“What we found in the study in eastern Warsaw really surprised us,” Jacek recounts, “Many of the areas where we had thought the air was quite clean were actually some of the most polluted.” The culprit: private cars. Local government action is tackling bad boilers, but the number of cars has not fallen, so that traffic will soon be the number one cause of pollution in the city. This is a thornier issue, “cars are a sensitive topic for people, so we have to approach it,” Mlochowska explains. The sensors are part of the picture here because they let the city supply direct evidence of the impact of traffic on their health.

During the pandemic restrictions, traffic was cut to a third. “It was the best year for air quality,” says Jacek, “the first year when we had all the indicators below the levels considered to be healthy.” Being able to point to this huge contrast is a strong motivator for local action, and has been an important factor in pushing the low-emission zone. An upcoming proposal from the European Commission is the ‘Euro 7,’ a set of new air pollutant limits for road vehicles, which will form part of a group of measures aiming to halve the number of premature deaths linked to air pollution by 2030. Cities, including Warsaw, are keeping pressure on the EU Commission and Parliament to ensure that these tough measures come through.

Sense of sensors

The city also works with local residents’ organisations, research institutes, government administrations and international organisations. Because pollution does not stay where it is generated but rather moves across cities, countries and continents, Warsaw also works closely with neighbouring communes, including a joint air quality monitoring system covering 18 districts of Warsaw and 17 surrounding municipalities.

“164 air quality sensors were installed as part of this project,” Mlochowska says, “this will not only allow us to locate areas of increased emissions, but also it will also allow us to create educational value, increasing the residents’ awareness of the sources and harmfulness of air pollutants.” Careful measurements that make the nature and shape of local air-quality issues clear are essential to mobilising people and effectively tackling the problem. This is why, says Mlochowska, “We are currently building one of the largest air quality monitoring systems in Europe.”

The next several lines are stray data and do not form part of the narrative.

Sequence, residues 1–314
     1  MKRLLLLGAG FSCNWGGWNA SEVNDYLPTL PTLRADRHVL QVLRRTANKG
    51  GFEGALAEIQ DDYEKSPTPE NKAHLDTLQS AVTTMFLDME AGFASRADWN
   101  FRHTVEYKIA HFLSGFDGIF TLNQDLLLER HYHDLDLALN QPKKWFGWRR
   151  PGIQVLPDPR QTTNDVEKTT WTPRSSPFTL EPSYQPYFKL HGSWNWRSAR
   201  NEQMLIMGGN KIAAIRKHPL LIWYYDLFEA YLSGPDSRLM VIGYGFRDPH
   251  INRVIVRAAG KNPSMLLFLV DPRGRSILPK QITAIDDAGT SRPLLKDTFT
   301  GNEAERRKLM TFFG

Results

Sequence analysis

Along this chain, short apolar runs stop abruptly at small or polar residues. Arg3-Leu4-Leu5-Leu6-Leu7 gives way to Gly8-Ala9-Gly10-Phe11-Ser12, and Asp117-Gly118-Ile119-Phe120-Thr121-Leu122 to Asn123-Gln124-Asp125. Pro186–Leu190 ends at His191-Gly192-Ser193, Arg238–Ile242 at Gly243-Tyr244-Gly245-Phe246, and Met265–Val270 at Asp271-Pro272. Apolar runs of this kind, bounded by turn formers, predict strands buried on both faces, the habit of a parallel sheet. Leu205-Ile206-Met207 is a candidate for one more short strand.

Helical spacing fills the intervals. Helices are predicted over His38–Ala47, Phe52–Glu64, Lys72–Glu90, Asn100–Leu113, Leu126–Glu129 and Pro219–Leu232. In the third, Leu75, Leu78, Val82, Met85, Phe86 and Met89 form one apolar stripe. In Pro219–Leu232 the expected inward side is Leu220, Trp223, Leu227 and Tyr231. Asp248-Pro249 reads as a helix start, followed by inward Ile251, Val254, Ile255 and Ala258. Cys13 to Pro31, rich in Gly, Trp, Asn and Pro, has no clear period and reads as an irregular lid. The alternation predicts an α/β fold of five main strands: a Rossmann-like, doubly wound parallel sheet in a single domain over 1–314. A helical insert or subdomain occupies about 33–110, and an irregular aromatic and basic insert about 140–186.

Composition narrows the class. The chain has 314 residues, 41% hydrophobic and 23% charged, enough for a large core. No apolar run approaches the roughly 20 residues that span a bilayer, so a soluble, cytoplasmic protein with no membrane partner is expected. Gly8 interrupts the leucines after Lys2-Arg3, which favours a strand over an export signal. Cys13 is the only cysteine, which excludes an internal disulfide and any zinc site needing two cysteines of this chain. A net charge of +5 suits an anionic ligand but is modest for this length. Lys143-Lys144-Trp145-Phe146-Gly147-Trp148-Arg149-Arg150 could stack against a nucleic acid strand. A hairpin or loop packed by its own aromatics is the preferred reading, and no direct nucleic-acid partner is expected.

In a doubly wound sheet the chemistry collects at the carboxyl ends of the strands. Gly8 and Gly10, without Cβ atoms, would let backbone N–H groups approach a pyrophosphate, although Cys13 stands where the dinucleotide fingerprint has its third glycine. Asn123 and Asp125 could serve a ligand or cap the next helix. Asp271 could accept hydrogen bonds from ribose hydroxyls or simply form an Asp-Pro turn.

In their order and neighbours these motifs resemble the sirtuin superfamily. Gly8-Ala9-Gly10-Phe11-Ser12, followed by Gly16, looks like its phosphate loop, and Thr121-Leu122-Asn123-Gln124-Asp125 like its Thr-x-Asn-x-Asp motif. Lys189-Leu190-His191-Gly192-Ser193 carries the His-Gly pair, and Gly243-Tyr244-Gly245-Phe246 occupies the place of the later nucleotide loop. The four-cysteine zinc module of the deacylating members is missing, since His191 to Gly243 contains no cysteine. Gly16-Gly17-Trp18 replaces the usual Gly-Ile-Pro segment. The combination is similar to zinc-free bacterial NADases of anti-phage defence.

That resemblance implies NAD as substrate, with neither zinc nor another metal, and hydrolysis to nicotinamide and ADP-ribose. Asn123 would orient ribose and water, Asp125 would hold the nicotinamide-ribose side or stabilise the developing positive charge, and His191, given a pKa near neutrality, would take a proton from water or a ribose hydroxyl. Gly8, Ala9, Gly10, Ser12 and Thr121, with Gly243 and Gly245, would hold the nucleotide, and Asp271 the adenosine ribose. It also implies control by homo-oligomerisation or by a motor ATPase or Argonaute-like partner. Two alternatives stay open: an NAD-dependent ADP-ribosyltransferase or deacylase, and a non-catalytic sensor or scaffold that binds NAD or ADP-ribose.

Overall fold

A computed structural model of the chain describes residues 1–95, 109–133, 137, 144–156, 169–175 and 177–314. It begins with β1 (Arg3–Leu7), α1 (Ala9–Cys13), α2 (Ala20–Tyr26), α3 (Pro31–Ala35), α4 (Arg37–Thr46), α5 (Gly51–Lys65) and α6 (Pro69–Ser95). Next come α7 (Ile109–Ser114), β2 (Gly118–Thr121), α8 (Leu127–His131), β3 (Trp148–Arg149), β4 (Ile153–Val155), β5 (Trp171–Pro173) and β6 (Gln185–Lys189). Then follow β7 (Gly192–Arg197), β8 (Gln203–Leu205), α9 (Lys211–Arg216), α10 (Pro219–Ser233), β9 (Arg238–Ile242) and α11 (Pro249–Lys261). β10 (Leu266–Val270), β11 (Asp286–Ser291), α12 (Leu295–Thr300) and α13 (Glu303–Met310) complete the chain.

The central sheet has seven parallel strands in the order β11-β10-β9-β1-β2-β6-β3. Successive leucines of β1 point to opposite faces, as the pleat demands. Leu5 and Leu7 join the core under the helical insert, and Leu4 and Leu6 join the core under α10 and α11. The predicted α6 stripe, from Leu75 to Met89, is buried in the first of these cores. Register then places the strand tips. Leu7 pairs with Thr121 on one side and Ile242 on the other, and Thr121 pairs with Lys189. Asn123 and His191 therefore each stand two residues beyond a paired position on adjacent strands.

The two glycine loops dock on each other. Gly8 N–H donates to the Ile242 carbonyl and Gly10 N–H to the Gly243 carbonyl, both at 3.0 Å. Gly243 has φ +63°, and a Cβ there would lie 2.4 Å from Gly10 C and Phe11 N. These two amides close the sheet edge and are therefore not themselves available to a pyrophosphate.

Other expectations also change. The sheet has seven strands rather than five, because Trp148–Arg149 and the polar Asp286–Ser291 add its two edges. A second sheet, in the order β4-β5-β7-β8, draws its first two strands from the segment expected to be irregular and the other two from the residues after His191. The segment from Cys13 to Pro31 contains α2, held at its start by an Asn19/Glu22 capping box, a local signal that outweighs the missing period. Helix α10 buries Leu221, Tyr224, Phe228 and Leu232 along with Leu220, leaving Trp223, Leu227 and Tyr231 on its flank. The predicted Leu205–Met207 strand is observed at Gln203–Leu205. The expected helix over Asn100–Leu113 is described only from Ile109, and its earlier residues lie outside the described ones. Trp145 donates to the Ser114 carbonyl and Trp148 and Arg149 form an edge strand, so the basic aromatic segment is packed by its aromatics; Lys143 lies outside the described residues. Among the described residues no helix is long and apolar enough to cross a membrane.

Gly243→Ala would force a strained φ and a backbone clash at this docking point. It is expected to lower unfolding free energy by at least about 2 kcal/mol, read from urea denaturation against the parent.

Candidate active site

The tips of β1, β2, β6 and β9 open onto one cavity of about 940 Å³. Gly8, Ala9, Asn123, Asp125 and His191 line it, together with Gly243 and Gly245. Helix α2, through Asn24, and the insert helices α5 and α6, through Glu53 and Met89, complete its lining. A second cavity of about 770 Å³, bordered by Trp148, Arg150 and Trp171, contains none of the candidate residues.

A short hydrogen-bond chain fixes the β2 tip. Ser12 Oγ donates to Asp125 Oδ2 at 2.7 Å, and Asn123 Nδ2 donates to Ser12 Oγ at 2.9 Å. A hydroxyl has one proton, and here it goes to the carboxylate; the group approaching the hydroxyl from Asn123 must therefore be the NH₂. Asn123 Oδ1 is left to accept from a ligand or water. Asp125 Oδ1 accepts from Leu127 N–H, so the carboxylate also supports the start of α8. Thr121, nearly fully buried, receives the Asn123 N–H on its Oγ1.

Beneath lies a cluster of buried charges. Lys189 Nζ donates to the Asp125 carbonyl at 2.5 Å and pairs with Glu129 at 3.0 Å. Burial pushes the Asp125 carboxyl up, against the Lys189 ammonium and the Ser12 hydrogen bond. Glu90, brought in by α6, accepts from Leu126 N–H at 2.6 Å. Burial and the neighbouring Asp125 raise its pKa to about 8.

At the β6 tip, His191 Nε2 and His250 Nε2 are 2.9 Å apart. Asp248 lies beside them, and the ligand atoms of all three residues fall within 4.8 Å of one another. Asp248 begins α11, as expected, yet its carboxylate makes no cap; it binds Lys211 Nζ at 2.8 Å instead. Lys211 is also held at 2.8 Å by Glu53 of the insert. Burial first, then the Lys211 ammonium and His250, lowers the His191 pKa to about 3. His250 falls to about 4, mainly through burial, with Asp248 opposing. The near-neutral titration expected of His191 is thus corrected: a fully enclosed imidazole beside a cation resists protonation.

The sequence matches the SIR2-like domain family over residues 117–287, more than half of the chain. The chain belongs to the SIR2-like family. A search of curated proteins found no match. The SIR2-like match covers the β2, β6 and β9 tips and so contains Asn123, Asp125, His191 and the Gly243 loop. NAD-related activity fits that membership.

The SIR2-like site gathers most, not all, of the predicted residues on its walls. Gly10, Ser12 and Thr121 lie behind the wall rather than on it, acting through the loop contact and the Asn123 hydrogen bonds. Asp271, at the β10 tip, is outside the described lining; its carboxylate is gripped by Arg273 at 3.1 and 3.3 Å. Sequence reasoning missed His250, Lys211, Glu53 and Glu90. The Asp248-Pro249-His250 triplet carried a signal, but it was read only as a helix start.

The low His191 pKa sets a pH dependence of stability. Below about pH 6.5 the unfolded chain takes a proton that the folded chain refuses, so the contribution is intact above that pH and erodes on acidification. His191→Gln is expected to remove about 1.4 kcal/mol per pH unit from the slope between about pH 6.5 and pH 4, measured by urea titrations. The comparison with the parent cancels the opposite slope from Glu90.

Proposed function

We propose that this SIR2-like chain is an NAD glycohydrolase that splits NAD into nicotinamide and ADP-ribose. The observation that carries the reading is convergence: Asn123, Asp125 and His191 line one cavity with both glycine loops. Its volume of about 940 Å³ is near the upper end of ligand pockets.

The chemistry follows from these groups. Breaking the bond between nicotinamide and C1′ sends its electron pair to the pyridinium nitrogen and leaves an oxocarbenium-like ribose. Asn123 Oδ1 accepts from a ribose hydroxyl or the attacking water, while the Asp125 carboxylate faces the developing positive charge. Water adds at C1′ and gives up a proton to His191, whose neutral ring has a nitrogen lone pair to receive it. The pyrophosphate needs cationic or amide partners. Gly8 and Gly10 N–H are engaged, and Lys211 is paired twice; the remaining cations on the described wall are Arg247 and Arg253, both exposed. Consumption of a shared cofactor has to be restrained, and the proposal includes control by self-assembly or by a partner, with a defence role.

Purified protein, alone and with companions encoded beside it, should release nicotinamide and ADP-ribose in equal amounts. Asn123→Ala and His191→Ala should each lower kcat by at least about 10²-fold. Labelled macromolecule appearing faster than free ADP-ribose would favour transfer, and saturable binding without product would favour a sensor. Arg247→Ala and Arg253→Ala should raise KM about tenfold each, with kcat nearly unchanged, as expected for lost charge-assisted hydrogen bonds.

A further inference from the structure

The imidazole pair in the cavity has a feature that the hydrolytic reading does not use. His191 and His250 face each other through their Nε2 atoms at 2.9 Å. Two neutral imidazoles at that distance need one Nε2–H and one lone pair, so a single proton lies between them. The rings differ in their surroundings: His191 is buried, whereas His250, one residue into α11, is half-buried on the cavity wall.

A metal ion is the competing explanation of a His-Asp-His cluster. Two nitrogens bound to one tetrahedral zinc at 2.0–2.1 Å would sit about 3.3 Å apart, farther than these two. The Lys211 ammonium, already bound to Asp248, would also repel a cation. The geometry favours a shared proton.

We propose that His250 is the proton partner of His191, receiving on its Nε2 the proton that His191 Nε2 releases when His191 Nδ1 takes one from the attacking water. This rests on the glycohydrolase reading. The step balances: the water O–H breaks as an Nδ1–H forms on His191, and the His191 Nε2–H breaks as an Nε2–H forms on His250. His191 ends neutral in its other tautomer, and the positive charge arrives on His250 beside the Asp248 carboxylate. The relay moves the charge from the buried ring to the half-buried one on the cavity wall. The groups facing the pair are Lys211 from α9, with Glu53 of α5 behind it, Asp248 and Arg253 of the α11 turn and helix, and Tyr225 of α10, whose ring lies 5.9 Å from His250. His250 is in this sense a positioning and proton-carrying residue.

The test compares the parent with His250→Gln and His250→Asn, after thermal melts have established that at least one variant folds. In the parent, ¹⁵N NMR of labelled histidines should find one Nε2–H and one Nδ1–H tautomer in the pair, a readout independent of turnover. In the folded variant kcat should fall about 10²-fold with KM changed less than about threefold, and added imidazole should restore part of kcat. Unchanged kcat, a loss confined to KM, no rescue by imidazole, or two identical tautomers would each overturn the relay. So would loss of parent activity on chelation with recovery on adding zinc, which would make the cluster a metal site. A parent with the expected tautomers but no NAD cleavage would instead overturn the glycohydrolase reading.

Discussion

Energy and war

Improving air quality is a priority across the EU, and as Mlochowska points out, a lot of efforts to tackle them, including in Warsaw, are co-financed by the EU. Warsaw is glad of the assistance it has received and hopes to continue cooperation with the European level. However, Mlochowska notes, for more effective collaborative action, it is important to “ensure that EU funds are distributed and invested at the level of local government,” rather than through national bottlenecks. She would also like to see more opportunities for exchanging knowledge and experience across European cities.

With the ongoing war in Ukraine, volatility around energy is a topic that looms large across the EU. Warsaw wants to see an EU response that will ensure energy security for all residents “without sacrificing equal access to good quality air for all.” New recommendations published by the WHO show that there is still a long way to go before reaching acceptable levels of air pollution globally, and this long-term goal shouldn’t be sacrificed for short-term expediency. “The reaction of our national government doesn’t help, because now we’re talking about subsidies for people who have coal as a main source of heating. Since 2017, we’ve been running campaigns about this issue and subsidising people to choose renewable options. We also go door-to-door and talk to people, which is one of the best ways to create different attitudes.”

Mlochowska admits that going green isn’t at the top of everyone’s priorities. “When we talk about energy prices, about war and fear, it’s not an easy moment to talk about energy,” she says. And yet Warsaw is not content with focusing on the short term. It is through sustained action on all fronts that the city has been able to create an enormous shift in the emissions of its population of 1.7 million people, and it is only by a determined focus on the long-term that it can hope to create a future where none of us need to risk our health just by walking or cycling around the city.

Anthony Colclough Eurocities Writer